Monday, June 9, 2014

Wordcraft -- Spawn of the QueryShark, part II

Last Monday I gave readers a recap of the query letter contest run by the DFW Writers’ Conference and my prize as a contest finalist--a critique from literary agent Donald Maass of a query for my real novel. Today, fellow contest finalist Kim Moravec offers her query and critique as well, hoping others can learn from her experience. For more about Kim, follow her on Twitter: @kmoravec314. See the AgentQuery site she references at


I was particularly excited to be named as a finalist in the DFW Writers Conference Query contest, thanks to my rewrite of a hypothetical query letter for Finnegans Wake. It meant that Donald Maass, New York super-agent and author of Writing the Breakout Novel would critique my query. And dammit, it was a good query. Id spent a lot of effort learning to write queries, and this particular one had undergone some intense critique over at the AgentQuery website. That is not to say that every critiquer there liked it. There were some who thought the plot was confusing and frankly, unbelievable.

To be noticed by an agent in a sea of thousands, the query must be short, snappy, and crystal clear. Faced with an 80,000-word novel, it is difficult to tease out the critical threads that will both make sense and fascinate an agent. My plot, in particular, relies on a couple of bizarre turns of fate that do have a basis in reality (I do my research, honest) but dont follow the tropes common in modern fiction.

This is the final query I sent to Donald Maass, with his comments: 
Finnegan may live in a bowl of water, but don’t let his ten-second memory fool you. This psychic fish will tell you the winner of the Super Bowl – for a fee.

DM: This confused me right away. I had to read it over twice to figure out that Finnegan is actually, really a fish. Call me naïve, but in a query I come in expecting to read about a human. Maybe try a different way into this clever conceit? Something like, “Can a psychic fish predict the winner of the Super Bowl? You bet—for a fee. That’s just one of the successful scams that teenager Rain Wooten runs online.”

Finnegan is just one of the many online scams teenager Rain Wooten uses to fund her dad’s undercover FBI activities—that super-top-secret, not-quite-legal work that keeps the nation safe in dangerous times. She also hacks the dark underbelly of the internet, looking for evidence of the next major terrorist attack.

DM: This is unusual and interesting, but…uh, doesn’t the FBI have plenty of money to run undercover investigations? Would they really hire a teenager to run online scams? (Imagine the Congressional hearings!) I know you’re setting up a twist but the synopsis at this point is far fetched and working against you. So, maybe play on that very far-fetched quality something like this: “…keeps the nation safe in dangerous times—or so Rain believes.”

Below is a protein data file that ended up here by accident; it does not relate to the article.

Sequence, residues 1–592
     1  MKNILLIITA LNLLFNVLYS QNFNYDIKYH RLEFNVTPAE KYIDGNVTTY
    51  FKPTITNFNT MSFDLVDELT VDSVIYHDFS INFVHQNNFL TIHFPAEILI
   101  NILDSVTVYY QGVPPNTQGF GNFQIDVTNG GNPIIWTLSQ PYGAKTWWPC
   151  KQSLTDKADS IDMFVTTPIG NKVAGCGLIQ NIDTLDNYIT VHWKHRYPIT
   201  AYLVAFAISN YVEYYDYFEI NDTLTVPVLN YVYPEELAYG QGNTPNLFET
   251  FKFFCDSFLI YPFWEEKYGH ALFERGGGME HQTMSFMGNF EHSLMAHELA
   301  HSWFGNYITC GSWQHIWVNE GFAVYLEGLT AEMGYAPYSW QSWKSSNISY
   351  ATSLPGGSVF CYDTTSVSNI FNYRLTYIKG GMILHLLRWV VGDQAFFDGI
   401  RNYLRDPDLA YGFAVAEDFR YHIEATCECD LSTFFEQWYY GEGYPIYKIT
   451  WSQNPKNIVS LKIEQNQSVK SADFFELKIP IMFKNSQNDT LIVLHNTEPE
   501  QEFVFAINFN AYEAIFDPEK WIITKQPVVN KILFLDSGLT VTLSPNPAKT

Then, when her scams attract the attention of the real FBI, Rain discovers her dad never worked for them. He’s nothing but a con man – keeping her earnings for himself and killing anyone who discovers the truth.

DM: That’s a fine twist but is it really possible that a talented teen hacker wouldn’t figure out that her dad isn’t really an FBI agent? Really? I’ll accept that he’s a talented con but you need to show me a smidgen of proof here to alleviate the oh-come-on feeling I’m getting.

But the terrorists Rain’s been hunting? They’re real. No one with a badge believes her anymore, and unless Rain abandons her desire for revenge [DM: Revenge against whom?] and finds the bombers before the end of the day, one hundred thousand people at the State Fair of Texas will die.

DM: Cool story but this query is heavy on plot, light on what it all means for Rain. I’d like to feel something for her. How does she reconcile to the discovery that her dad is a crook and murderer? Is that even possible?

FINNEGAN’S AWAKE [DM: Cute title!] is a 78,000 word YA thriller, loosely inspired by British conman Robert Hendy-Freegard, who impersonated an MI5 agent for more than a decade. The math and computer hacks throughout the book are informed by my career in computer science.

DM: Ah, nice. The professional close to the query is brief and good.

Donald Maass is an incredibly polite critiquer, and there's a lot of little gems for me to take away from this (he liked the title, yay!), but the upshot is that this is a query that is short and snappy, but not crystal clear.  Ironically, it echoes some of the harsher comments I received from that unhappy critiquer at AgentQuery.  After researching the comments he'd left for others, I'd decided to ignore his comments because I sensed a troll.  It goes to show, even if you don't like the delivery of some criticism, you ignore it at your cost.

When Robert Hendy-Freegard's victims were discovered, they were living in extreme poverty, malnourished, isolated, and terrified.  Despite her technological knowledge, Rain begins the story in a similar state, and I think this is perhaps the key thread that is missing from the query.  By the end, her single-minded moral code and ability to endure discomfort helps her save thousands of lives.  I just have to figure out how to weave that in without preaching or telling.

And, oh yeah, I should probably mention that Finnegan is a fish.

(Next Monday, mystery writer/instructor Daniel J. Hale takes a journey through the plotting of a novel.)

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